PHEV Loss of Km Range with Battery.

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Acgm
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Re: PHEV Loss of Km Range with Battery.

Post by Acgm »

I’m currently in discussions with MMA re battery in a less than 5 year old from sale 2014 model PHEV with less than 90k km travelled that has battery at dealer confirmed more than 30% SOH degradation. Awaiting further response from MMA thus far but keen to hear from others with this experience how it went for them (J Cooper we have connected with each other on this already recently and nothing new to comment from my experience yet).
live2fly
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Re: PHEV Loss of Km Range with Battery.

Post by live2fly »

Hi,

I'm in a similar position and I would appreciate any advice you can offer about who to contact at MMA and the best order in which to do things.
I'm currently in WA but will be moving to VIC in a few weeks.

Rolf
vjake
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Re: PHEV Loss of Km Range with Battery.

Post by vjake »

Hello,
We have been trying to negotiate this with MMA since November last year with no resolution, most recently I have involved our state office of fair trading and MMA are still denying any claim that there is a problem and that battery degradation of 37% is normal. I have provided the old website information, and explained that this level of drop is almost double what was expected when we purchased it second hand in 2017. They aren't budging, if anyone has had recent success I would really appreciate assistance with the wording and the best way to approach this. The office of fair trading has suggested we take it to QCAT (the independent tribunal in Qld), I'm still deciding how best to proceed. I certainly would not have purchased this car if I had known how quickly the battery would fail.
live2fly
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Re: PHEV Loss of Km Range with Battery.

Post by live2fly »

I have now contacted MMA and indicated that the battery degradation was excessive. They responded that it was normal and that the battery needed to be tested by a dealer. This was done this week with the result showing that it was down to about 64% after less than 50,000 EVkms. This is clearly not the 20% loss over 10 years. This is also a clear indication that either the battery was manufactured from sub standard materials or that the BMS has ruined the battery. Either way the fault has to lie with Mitsubishi for designing a car that failed.
It does not matter if he degradation was due to the BMS overcharging or over-discharging the battery as these parameters are set by Mitsubishi.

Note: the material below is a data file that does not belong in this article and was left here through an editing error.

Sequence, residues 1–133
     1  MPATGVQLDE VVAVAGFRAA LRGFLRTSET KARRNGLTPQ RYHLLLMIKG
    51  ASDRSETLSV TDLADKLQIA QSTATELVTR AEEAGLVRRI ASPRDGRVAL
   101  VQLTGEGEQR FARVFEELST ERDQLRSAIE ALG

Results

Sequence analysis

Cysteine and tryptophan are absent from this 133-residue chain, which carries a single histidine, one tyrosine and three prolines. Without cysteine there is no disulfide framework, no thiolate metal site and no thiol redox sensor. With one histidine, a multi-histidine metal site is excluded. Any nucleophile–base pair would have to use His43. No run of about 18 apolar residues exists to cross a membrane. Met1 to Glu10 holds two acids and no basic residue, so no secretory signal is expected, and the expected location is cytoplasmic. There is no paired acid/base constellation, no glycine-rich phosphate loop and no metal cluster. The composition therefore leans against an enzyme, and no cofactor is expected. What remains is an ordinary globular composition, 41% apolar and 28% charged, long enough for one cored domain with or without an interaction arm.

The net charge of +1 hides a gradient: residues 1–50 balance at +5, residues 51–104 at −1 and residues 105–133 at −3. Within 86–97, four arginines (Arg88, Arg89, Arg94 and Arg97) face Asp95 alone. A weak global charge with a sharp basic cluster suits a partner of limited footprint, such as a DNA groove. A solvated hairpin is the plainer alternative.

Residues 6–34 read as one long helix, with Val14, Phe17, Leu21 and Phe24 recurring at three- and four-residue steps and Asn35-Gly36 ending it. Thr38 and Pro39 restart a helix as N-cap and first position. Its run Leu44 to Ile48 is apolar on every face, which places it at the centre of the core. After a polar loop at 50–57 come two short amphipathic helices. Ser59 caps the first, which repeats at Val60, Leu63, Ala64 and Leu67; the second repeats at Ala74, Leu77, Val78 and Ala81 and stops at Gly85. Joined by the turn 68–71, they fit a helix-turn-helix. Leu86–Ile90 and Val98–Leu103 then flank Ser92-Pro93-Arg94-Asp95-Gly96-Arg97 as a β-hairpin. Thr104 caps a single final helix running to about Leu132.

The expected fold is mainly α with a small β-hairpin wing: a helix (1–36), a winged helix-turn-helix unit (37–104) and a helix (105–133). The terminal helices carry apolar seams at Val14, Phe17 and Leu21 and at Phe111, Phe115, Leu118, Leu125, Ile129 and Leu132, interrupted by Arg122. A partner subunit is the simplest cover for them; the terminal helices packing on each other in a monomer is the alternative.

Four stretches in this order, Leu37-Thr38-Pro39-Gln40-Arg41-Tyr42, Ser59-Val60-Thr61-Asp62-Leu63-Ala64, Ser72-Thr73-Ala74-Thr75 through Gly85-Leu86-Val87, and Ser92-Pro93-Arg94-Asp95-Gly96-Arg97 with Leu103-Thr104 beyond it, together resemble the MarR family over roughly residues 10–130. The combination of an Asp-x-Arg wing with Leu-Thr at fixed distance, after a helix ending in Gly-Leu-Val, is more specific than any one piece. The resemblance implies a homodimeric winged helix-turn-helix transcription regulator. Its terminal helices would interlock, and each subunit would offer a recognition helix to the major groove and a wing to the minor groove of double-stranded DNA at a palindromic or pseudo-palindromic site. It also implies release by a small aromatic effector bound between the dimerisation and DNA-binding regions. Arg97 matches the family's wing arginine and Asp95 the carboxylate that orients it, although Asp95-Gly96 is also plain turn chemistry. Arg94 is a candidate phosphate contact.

It does not matter if the battery was damaged by high temperatures as Mitsubishi designed the cooling system.

I have worked with batteries of many chemistries for decades and I can tell you that for example with LIFEPO4 a good quality battery will deliver between 2000 and 5000 cycles at 80% DOD before it loses 20% of it's capacity. My PHEV battery has had only 1000 charge cycles and it is already below 65%.

I can understand that MMA are running a business and that they want to maximize their profit and minimize their expenses.

But, the average life expectancy of most cars is close to 20 years and even then the fuel consumption and features should be close to new.

If the Outlander PHEV only has a useful life of 5 years an a PHEV and then becomes just a HEV the extra weight of he battery now increases fuel consumption.

When you consider the manufacturing energy cost this vehicle needs to operate for about 7 years to offset it's initial extra carbon emissions when compared to an equivalent combustion engine vehicle. I think that if Mitsubishi care about the environment and have any intent to deliver a vehicle that results in a better outcome for the planet, they have no choice but to replace batteries that have degraded to the point where they make the vehicle unusable as a PHEV.

I appreciate that Mitsubishi were one of the first to produce a PHEV that was widely available, I also appreciate that they took a risk in leading the market as there were unknowns regarding battery life, however this risk was taken by a massive corporation, not by the current owners of the vehicle.

All manner of EVs and battery storage systems have proved beyond any doubt that the lithium chemistry is capable of at least 2000 charge cycles before there is more than 20% degradation, if these batteries show more than that then they are defective.